Not every battery application offers easy access to recharging. In those situations, engineers are increasingly reaching for a chemistry known as lithium-thionyl chloride.
Lithium-thionyl chloride batteries, which offer some of the highest energy density figures now available, are being employed in military, aerospace, RFID (radio frequency identification), and GPS tracking applications.
A case in point: Vemco, a manufacturer of underwater acoustic telemetry systems, uses lithium-thionyl chloride for long-term underwater deployments where batteries can't be recharged. Vemco employs a battery pack from Tadiran Batteries that combines 24 D-sized primary cells and 12 Hybrid Layer Capacitors in an acoustic receiver.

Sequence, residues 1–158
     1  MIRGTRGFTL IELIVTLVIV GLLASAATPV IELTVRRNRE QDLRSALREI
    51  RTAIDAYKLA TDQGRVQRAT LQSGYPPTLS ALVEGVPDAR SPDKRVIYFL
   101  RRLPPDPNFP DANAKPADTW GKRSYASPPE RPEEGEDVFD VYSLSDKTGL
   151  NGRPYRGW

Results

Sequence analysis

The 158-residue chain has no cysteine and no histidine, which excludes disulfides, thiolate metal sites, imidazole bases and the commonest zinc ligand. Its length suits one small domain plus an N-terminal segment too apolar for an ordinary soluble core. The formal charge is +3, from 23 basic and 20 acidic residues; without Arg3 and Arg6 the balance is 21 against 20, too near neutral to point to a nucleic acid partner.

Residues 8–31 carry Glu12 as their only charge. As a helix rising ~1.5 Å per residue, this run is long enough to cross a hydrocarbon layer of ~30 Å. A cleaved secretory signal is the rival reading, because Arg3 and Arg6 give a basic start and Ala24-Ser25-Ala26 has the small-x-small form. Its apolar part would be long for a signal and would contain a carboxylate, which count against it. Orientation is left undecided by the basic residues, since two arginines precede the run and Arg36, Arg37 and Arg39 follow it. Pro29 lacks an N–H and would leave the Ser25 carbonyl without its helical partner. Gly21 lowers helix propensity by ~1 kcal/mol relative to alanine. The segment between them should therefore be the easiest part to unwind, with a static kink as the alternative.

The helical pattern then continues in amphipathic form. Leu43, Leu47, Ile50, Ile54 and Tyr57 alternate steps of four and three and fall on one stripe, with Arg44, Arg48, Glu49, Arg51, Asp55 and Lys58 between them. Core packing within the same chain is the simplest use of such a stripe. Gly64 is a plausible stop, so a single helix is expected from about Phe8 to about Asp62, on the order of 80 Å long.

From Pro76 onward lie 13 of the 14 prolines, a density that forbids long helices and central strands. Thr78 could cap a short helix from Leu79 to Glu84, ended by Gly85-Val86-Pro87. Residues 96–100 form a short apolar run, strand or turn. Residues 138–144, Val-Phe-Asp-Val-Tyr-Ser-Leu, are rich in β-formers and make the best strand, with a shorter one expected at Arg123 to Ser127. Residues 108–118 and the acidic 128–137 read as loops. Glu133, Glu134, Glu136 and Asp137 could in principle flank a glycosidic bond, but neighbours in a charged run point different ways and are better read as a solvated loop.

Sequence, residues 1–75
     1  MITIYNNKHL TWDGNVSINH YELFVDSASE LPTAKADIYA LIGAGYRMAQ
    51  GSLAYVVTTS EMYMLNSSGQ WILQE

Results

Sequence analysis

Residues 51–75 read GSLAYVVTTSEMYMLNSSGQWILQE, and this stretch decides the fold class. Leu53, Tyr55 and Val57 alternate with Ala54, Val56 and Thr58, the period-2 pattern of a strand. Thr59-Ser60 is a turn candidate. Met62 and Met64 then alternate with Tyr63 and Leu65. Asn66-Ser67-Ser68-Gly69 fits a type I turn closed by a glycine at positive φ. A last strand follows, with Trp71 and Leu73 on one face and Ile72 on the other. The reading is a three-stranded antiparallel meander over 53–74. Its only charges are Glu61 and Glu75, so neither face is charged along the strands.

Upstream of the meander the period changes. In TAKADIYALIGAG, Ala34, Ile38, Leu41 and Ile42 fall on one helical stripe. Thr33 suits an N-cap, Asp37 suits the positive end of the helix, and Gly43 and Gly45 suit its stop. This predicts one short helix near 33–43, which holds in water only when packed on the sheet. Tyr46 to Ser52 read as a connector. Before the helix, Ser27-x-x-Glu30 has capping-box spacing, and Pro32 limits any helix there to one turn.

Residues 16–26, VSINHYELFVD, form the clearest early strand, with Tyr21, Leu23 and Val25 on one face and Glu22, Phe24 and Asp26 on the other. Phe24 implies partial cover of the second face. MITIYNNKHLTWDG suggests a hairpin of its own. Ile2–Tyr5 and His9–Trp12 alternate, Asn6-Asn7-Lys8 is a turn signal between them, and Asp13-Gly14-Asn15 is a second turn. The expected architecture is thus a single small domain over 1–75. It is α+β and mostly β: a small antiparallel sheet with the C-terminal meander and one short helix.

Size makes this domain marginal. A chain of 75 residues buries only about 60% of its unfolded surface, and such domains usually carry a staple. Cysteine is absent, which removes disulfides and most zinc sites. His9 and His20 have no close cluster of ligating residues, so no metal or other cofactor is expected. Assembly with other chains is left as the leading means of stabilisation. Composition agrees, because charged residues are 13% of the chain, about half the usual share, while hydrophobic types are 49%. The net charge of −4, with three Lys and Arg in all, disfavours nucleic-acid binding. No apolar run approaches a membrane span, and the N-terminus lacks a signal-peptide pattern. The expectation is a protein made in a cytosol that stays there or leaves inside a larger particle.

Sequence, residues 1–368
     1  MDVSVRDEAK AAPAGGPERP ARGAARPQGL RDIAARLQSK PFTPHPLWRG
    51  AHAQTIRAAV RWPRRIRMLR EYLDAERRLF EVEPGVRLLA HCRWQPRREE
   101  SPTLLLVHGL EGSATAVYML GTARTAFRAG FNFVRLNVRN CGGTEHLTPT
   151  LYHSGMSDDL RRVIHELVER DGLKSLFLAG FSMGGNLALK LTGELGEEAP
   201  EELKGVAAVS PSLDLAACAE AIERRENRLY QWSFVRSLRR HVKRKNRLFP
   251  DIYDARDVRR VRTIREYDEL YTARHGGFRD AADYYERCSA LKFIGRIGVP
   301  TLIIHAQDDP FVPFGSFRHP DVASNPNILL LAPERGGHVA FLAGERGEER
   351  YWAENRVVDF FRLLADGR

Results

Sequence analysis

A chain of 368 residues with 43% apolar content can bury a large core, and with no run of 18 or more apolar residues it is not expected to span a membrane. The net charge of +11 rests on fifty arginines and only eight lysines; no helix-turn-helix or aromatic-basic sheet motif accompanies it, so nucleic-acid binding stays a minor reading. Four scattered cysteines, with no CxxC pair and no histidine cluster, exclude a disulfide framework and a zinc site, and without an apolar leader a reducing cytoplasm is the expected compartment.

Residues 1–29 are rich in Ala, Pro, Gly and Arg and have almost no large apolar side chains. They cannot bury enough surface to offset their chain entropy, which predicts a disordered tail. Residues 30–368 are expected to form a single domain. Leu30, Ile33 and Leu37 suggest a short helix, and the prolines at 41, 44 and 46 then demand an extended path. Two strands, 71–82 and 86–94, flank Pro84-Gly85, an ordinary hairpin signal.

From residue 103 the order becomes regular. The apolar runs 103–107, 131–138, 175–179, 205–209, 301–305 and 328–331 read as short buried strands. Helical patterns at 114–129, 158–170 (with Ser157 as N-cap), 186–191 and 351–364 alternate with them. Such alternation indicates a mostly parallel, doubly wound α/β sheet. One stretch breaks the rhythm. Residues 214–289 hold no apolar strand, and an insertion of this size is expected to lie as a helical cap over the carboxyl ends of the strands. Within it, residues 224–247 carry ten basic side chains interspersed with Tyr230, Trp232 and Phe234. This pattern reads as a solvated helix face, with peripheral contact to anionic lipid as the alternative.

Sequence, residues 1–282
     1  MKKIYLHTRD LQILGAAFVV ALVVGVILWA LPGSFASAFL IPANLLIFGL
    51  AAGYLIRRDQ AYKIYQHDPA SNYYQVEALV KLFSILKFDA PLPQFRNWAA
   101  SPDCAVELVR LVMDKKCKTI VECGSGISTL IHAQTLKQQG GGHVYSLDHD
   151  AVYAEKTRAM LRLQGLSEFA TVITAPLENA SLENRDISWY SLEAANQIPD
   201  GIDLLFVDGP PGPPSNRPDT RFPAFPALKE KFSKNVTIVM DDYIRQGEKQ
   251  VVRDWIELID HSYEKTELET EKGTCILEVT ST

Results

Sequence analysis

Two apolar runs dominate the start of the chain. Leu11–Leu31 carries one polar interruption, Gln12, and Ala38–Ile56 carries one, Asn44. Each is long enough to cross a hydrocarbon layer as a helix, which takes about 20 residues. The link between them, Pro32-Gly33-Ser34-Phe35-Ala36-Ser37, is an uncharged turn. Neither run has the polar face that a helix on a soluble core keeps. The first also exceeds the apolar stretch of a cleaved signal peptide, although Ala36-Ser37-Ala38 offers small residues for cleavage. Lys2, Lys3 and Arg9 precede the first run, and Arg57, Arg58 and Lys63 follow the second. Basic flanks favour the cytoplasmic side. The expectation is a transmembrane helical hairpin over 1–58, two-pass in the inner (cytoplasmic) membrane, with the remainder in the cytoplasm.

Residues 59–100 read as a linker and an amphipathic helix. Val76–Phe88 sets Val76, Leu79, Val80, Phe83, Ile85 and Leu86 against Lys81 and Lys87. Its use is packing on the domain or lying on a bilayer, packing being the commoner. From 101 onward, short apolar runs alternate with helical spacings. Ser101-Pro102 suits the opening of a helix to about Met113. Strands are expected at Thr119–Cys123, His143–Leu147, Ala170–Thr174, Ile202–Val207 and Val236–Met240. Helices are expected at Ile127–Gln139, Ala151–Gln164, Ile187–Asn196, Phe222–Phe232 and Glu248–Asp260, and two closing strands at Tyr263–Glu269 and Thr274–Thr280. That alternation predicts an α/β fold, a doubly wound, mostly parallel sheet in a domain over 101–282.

Vemco's underwater acoustic telemetry system uses lithium-thionyl chloride batteries.
The receiver is used for remote monitoring of aquatic species tagged with transmitters. During operation, the system's acoustic modem wakes up the telemetry system, transfers data, then returns to a standby mode to minimize power consumption. It enables users to track the migratory patterns of aquatic animals, and to develop early warning systems when sharks and other predatory fish approach beaches.
The battery packs, known as Pulses Plus, enable the system to operate for more than nine years at depths of up to 500 feet.
For a related deep-dive into high-energy rechargables, see our feature-length article, New Breed of Lithium Batteries.